A patient diagnosed with the Sars-like coronavirus has died at Queen Elizabeth hospital in Birmingham it was confirmed today.
The patient died yesterday morning whilst being treated in the hospital's critical care unit, University Hospitals Birmingham NHS Foundation Trust said.
Of the twelve people in the world known to have been infected with the disease half have now died.
Last week it was reported that a second relative of a UK patient who recently contracted the virus had become infected with the disease, taking the total to three within a single family.
On Wednesday, a relative of the first patient became infected and the HPA said a third person, who had not travelled recently was also infected.
The second family member was thought to have an existing medical condition that might have made them more susceptible to respiratory infections, the HPA said last week
According to reports the patient who died today was undergoing treatment for a "long-term complex unrelated health condition" before contracting the new virus.
In a statement confirming the death, the QEHB said the patient was believed to have contracted the virus from a relative who is being treated at a hospital in Manchester.
The statement, issued by the NHS Trust which runs the QEHB, added: "The hospital extends its sympathies to the family.
"The patient was already an outpatient at QEHB, undergoing treatment for a long-term, complex unrelated health condition.
"The patient was immuno-compromised and is believed to have contracted the virus from a relative who is being treated for the condition in a Manchester hospital."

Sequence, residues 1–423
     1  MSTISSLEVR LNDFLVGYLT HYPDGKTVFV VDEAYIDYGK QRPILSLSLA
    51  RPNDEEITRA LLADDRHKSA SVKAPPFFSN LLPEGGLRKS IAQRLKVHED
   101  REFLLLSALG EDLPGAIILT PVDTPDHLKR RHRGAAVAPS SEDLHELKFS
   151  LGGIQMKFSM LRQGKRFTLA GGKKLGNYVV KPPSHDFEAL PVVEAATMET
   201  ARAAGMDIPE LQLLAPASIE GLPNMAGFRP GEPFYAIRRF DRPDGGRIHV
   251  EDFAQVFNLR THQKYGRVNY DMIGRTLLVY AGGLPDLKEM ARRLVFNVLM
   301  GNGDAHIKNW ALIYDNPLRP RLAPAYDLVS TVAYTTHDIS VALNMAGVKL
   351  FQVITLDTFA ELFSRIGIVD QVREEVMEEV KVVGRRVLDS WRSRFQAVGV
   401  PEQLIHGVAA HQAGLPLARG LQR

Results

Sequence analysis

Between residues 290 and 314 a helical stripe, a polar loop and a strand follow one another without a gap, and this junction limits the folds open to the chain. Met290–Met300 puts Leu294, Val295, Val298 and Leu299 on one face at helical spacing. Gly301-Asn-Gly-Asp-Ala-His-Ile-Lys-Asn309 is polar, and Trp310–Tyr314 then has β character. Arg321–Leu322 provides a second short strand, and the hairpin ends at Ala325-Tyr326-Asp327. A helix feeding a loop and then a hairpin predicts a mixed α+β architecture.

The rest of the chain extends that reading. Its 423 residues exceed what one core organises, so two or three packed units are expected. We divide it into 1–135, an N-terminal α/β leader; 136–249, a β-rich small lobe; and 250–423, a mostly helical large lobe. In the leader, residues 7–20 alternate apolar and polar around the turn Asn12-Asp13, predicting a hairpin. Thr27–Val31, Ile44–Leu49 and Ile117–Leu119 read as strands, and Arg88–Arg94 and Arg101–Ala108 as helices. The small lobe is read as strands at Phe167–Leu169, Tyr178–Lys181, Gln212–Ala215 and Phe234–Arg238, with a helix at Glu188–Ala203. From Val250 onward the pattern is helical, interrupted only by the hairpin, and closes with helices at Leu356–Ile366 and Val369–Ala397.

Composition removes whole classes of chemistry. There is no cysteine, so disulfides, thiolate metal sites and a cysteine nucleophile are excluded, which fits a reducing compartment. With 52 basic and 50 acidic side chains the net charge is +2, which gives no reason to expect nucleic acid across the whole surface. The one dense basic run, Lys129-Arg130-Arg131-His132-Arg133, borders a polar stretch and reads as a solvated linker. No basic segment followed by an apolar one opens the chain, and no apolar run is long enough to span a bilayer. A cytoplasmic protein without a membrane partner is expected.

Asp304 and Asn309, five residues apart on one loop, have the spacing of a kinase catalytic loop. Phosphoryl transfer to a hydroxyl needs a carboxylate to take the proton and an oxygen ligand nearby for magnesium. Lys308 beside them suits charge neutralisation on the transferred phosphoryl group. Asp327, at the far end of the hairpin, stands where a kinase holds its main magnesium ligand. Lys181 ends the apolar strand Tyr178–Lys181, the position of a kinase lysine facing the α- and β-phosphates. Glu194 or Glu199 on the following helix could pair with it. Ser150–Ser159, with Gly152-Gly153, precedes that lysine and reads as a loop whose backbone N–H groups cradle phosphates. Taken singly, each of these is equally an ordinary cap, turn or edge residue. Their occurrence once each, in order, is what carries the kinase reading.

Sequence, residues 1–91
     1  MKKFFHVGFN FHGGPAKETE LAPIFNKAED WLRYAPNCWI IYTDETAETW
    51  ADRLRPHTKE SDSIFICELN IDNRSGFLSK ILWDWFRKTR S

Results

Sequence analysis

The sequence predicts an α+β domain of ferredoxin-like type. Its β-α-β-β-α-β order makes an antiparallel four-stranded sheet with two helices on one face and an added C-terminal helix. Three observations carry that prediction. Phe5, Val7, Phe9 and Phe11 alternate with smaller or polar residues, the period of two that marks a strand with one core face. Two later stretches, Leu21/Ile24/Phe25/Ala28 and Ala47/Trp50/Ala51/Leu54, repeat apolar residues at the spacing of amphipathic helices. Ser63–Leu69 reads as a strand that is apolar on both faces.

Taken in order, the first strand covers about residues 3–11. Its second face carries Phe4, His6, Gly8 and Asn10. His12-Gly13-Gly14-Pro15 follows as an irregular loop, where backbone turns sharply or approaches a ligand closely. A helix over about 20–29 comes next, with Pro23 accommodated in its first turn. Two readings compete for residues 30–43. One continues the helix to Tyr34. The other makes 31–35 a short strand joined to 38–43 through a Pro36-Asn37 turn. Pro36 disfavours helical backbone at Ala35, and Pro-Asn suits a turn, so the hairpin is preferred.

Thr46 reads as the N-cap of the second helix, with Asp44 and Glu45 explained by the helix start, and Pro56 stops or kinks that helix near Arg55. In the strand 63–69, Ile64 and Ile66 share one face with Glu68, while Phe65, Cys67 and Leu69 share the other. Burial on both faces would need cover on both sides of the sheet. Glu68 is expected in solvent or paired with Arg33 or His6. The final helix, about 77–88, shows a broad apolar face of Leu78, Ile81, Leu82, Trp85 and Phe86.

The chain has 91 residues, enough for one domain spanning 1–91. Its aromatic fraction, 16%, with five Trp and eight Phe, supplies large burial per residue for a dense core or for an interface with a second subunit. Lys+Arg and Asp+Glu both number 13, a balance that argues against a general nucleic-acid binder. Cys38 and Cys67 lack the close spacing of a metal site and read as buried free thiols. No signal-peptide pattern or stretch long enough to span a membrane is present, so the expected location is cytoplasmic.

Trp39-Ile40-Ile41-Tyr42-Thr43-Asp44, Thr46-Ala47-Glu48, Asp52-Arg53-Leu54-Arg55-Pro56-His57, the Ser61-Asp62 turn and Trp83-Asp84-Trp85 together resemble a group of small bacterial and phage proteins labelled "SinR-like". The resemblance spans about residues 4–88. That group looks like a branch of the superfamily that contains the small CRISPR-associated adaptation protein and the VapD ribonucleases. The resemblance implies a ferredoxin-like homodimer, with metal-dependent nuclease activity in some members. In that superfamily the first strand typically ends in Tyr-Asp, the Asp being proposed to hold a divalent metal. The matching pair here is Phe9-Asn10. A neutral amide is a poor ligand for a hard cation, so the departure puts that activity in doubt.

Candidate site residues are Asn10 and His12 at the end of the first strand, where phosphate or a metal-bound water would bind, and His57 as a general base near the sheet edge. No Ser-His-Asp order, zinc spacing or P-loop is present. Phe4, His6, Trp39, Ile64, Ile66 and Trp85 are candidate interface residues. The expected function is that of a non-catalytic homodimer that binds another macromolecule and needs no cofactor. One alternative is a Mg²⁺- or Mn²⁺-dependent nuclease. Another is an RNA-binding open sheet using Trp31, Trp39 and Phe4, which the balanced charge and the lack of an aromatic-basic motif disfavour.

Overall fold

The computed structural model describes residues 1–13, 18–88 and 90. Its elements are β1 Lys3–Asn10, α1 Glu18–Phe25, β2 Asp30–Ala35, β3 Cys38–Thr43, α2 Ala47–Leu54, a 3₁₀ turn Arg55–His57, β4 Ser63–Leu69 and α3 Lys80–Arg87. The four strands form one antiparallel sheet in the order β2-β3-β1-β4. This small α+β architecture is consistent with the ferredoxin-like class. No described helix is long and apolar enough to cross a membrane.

The person is believed to have contracted the disease from a relative in what was the first case of human to human transition of the virus in the UK.
In a statement issued on Friday, the HPA confirmed that four cases of novel coronavirus - including three "in a family cluster" - had been diagnosed in the UK.
Professor John Watson, head of the respiratory diseases department at the HPA, said: "If novel coronavirus were more infectious, we would have expected to have seen a larger number of cases than we have seen since the first case was reported three months ago.
"We would like to emphasise that the risk associated with novel coronavirus to the general UK population remains very low."
In one of the first published studies about coronavirus, or NCoV, which was unknown in humans until it was identified in September 2012, researchers today said it could penetrate the lining of passageways in the lungs and evade the immune system as easily as a cold virus can.
This shows it "grows very efficiently" in human cells and suggests it is well-equipped for infecting humans, said Volker Thiel of the Institute of Immunobiology at Kantonal Hospital in Switzerland, who led the study.
NCoV was identified when the World Health Organisation issued an international alert in September saying a completely new virus had infected a Qatari man in Britain who had recently been in Saudi Arabia.